Sochi: A group of Syrian fans are in Russia not for the World Cup but for Vladimir Putin, the country’s president. “We are here to express our gratitude to Putin for supporting the Syrian government in the war against Islamic State and other divisive forces. Without the help of Russia, there would be no Syria today,” said Majid, who expresses his political convictions eloquently.
Every member of the team attended the Croatia-Russia match here on Saturday, clad in a Russian jersey. They were singing Putin’s praises even hours after the match had got over.
Majid had no hesitation in calling the group’s visit to Russia political rather than sport-related. “Putin is our saviour. We would be under the control of a religious bigot like IS if not for his timely intervention. Syria owes its existence to him. We would eternally be thankful to him,” he added.
Michael Attalla, another leading member of the Syrian team, said Syrian people are unwelcome all over the world but not in Russia. “If the World Cup had been in some other country, I’m sure we wouldn’t have been allowed to visit it. We are most unwanted in Arab countries that speak the same language and practise the same religion. Russia treated us like human beings when we applied for tickets and visa. Dignity is important to all,” he added.
The group spearheads a movement in Syria that helps people affected in the civil war, which has been muddied by the involvement of outsiders including Russia. “We get material support from Chechnya leader Ramzan Kadyrov to help the needy in Syria. We want to thank him as well,” said Majid.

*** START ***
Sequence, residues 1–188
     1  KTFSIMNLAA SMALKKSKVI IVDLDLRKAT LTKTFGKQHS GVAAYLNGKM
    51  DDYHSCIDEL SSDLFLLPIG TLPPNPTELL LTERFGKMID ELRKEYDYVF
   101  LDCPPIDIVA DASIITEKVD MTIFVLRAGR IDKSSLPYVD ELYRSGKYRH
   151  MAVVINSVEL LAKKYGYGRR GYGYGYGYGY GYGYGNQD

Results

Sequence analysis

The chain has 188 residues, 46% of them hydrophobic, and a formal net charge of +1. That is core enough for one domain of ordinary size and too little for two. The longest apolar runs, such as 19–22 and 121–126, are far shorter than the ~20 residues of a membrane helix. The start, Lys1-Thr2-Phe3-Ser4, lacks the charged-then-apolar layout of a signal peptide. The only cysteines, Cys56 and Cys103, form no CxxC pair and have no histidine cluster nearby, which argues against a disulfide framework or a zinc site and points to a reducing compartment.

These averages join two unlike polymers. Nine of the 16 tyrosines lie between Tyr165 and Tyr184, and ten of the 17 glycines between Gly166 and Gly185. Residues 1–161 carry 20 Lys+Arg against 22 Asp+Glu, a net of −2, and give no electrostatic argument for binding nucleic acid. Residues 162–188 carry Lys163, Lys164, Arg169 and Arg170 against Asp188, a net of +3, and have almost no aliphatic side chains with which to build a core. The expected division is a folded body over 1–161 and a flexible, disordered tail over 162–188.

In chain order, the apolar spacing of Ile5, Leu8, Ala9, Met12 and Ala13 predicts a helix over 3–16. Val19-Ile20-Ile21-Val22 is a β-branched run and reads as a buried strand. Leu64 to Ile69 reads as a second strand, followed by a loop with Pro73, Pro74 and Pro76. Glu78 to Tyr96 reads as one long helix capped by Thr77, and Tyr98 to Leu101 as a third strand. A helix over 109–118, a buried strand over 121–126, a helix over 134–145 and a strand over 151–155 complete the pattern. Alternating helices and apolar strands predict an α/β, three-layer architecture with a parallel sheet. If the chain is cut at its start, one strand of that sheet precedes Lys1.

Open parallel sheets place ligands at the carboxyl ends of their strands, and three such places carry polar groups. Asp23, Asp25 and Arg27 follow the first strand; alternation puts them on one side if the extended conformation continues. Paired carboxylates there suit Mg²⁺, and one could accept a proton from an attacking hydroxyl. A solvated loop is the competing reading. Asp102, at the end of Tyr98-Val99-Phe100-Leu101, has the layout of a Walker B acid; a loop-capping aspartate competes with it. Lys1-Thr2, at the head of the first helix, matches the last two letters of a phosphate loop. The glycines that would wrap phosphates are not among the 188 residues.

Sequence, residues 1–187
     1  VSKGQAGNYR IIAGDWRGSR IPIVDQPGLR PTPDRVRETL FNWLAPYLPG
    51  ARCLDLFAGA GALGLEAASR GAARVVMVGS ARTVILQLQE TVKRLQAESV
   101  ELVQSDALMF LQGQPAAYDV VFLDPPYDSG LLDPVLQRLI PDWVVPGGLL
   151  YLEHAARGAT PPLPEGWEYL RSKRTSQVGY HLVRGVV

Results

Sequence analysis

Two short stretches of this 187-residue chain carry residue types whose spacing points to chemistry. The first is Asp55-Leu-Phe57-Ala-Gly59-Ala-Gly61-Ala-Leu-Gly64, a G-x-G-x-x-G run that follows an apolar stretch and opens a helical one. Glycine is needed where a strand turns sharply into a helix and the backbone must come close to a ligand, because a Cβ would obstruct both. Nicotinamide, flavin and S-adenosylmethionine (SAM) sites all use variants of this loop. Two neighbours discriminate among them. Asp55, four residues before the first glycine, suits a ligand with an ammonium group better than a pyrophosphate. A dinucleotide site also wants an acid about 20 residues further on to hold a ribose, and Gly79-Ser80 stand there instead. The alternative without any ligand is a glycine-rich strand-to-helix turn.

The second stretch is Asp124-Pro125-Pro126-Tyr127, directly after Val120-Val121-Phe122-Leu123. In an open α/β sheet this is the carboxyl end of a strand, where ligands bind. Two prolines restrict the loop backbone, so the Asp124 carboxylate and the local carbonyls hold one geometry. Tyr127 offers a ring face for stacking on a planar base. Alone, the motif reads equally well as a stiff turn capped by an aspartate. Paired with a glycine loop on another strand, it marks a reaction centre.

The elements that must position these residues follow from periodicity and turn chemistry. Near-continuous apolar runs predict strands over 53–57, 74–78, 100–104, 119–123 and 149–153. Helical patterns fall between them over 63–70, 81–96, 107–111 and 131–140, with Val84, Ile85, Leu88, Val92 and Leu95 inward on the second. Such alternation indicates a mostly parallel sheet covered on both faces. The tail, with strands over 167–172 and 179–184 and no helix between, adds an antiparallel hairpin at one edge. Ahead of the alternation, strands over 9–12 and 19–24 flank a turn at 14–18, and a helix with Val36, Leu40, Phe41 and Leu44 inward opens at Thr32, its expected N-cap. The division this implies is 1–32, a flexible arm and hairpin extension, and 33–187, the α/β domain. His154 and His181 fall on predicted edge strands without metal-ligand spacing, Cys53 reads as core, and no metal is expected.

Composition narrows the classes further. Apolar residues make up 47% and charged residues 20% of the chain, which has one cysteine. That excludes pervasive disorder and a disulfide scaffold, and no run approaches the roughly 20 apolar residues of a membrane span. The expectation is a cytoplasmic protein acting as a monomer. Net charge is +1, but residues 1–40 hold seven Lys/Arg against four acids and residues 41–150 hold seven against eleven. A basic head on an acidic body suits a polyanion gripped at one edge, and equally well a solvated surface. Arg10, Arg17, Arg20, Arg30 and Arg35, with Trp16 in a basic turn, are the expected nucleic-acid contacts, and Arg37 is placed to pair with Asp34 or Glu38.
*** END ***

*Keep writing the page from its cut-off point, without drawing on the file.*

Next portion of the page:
When asked about getting help from someone who has a questionable human rights record in the Russian province, Majid said he was only looking at Kadyrov’s charitable side. “Everybody has flaws. I’m happy that he is helping our people,” he added.
He said the same applied to his country’s leader Bashar al-Asad, a starkly polarising figure in the Arab world for the brutal methods he adopts to quell dissent in Syria. “He is not perfect. But he is better than Islamic State any day. We want to live in a free, liberal country. I think Asad alone can keep Syria together in the present scenario,” he added.
Samanda, a chirpy girl in the team of Putin supporters, said the group’s composition is a reflection on the mentality of the youth in her country. “Religion is not central to our lives. Majid is a Muslim, Michael a Christian and I’m a Kurd. We are all one in support of our government because we don’t want Syria to be destroyed,” she added.
The Russian football team may have lost in the quarter-final but the Syrian team said their World Cup visit was a roaring success because it caught the attention of many....